• Perform a physical exam
  • Have you keep a detailed diary of the foods you or your child eats
  • Have you eliminate milk from your diet or your child’s diet (elimination diet) — and then have you add back the food to see if it causes a reaction

He or she may also recommend one or both of the following tests:

  • Skin test. In this test, your skin is pricked and exposed to small amounts of the proteins found in milk. If you’re allergic, you develop a raised bump (hive) at the test location on your skin. Allergy specialists usually are best equipped to perform and interpret allergy skin tests. This type of test isn’t always accurate for detecting milk allergy.
  • Blood test. A blood test can measure your immune system’s response to milk by measuring the amount of immunoglobulin E (IgE) antibodies in your blood. This test isn’t always accurate in identifying a milk allergy.

If your examination and test results can’t confirm a milk allergy, your doctor might administer an oral challenge, in which you are fed different foods that may or may not contain milk in increasing amounts to see if you react to the ones that contain milk. Allergy tests are best administered by an allergist who’s trained to manage serious reactions.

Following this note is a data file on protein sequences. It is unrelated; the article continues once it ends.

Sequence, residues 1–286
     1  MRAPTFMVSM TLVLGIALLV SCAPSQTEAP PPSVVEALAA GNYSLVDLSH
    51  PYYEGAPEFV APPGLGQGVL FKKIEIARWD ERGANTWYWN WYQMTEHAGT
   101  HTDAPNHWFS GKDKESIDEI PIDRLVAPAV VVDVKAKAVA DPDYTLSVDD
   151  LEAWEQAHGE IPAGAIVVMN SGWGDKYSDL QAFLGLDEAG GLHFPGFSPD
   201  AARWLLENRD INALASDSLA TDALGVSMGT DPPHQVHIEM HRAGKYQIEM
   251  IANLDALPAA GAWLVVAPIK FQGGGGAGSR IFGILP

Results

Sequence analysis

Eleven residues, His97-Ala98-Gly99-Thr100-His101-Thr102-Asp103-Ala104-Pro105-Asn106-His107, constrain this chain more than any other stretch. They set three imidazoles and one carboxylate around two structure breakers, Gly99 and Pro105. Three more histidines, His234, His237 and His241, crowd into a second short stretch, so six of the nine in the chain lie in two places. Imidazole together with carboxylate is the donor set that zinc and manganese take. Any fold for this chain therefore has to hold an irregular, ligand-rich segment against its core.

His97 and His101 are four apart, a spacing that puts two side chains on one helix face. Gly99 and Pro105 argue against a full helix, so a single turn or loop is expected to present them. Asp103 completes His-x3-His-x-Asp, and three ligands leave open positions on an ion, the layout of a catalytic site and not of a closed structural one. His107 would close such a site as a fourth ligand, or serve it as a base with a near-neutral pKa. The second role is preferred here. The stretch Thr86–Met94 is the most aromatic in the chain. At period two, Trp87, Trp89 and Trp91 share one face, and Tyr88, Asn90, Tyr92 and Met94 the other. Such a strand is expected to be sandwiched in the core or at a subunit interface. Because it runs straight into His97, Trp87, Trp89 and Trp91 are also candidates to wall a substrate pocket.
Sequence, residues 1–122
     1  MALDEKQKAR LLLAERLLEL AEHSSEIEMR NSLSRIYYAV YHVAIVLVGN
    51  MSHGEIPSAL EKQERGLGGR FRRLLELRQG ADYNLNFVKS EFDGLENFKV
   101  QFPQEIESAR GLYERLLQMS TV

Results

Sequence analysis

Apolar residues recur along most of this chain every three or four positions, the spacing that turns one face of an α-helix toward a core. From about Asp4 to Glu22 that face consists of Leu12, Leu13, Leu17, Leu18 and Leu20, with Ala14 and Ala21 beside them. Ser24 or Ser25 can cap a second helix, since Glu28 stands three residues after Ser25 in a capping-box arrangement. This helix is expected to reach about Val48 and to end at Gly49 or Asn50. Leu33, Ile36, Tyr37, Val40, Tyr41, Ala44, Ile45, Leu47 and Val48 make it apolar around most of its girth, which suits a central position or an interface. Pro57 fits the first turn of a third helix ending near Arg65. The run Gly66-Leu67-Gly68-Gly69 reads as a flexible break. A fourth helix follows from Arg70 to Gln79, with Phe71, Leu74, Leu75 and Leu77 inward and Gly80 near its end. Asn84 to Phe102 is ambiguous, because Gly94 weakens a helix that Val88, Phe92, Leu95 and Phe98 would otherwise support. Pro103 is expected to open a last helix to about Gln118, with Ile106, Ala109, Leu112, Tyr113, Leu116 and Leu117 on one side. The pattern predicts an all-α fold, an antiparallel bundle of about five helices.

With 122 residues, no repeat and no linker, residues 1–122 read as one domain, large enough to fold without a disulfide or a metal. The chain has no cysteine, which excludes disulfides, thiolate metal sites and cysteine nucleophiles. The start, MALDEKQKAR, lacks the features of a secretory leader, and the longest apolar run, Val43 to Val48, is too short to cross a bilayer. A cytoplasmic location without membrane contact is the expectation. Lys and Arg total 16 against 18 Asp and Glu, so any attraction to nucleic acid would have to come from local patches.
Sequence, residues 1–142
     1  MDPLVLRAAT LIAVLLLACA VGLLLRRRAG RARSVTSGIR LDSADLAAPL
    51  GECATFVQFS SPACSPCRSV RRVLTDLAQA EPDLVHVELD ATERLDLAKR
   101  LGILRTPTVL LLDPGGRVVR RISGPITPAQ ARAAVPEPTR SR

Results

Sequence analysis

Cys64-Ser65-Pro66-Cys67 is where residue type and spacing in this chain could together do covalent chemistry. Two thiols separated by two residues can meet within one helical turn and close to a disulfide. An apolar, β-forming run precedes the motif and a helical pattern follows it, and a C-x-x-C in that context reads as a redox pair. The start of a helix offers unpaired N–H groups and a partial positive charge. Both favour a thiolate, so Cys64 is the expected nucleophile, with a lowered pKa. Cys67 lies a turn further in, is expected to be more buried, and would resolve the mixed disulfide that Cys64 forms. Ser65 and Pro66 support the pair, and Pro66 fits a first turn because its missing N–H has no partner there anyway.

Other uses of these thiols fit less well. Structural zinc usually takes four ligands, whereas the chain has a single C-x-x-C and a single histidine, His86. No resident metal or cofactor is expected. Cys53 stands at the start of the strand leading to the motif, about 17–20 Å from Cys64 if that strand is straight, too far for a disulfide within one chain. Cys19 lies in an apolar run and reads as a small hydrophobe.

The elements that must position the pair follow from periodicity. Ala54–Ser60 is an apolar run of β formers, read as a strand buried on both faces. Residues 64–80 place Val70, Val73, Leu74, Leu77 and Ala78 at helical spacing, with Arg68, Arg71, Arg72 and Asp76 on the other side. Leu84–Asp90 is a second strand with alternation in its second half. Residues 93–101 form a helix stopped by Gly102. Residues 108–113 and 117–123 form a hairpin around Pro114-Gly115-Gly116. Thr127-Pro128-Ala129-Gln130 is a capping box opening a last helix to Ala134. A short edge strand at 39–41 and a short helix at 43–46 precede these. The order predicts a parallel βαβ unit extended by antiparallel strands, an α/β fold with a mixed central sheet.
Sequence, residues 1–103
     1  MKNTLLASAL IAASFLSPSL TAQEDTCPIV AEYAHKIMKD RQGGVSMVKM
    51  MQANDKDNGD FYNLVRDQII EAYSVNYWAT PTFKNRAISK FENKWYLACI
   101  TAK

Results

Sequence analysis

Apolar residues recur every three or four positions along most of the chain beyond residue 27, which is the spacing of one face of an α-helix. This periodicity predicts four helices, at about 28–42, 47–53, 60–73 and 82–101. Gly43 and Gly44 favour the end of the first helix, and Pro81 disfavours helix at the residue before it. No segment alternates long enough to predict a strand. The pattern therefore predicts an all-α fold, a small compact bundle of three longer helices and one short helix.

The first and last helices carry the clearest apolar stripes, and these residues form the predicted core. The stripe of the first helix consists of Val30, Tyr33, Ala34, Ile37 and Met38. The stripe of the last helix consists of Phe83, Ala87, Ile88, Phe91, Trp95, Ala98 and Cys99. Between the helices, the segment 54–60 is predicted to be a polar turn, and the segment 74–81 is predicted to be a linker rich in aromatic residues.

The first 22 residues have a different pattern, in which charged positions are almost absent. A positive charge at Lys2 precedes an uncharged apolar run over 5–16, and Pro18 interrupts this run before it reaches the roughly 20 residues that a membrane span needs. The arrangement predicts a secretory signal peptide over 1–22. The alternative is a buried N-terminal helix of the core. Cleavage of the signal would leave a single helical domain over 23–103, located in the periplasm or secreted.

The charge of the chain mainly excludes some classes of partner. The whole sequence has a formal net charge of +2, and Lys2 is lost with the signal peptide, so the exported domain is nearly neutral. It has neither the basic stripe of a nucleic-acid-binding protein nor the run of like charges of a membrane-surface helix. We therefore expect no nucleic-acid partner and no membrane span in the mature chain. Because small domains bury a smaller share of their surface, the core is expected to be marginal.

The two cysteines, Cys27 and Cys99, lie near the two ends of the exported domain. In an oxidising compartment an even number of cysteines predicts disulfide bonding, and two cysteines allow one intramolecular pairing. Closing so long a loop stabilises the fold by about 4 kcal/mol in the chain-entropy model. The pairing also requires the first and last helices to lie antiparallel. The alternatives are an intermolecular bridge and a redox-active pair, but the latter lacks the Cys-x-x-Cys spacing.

If your doctor suspects your symptoms are caused by something other than a food allergy, you may need other tests to identify — or rule out — other medical problems.

The only way to prevent an allergic reaction is to avoid milk and milk proteins. This can be difficult because milk is a common ingredient in many foods. Also, some people with a milk allergy can tolerate milk in some forms, such as milk that’s heated in baked goods, or some processed foods, such as yogurt. Talk to your doctor about what to avoid.

Despite your best efforts, if you or your child accidentally consumes milk, medications such as antihistamines may reduce mild signs and symptoms of an allergic reaction. Taken after exposure to milk, an antihistamine may help relieve discomfort.

If you or your child has a serious allergic reaction (anaphylaxis), you may need an emergency injection of epinephrine (adrenaline) and a trip to the emergency room. If you’re at risk of having a severe reaction, you or your child may need to carry injectable epinephrine (such as EpiPen, Auvi-Q, others) at all times. Have your doctor or pharmacist demonstrate how to use this device so that you’re prepared for an emergency.

There’s no sure way to prevent a food allergy, but you can prevent reactions by avoiding the food that causes them. If you know you or your child is allergic to milk, avoid milk and milk products.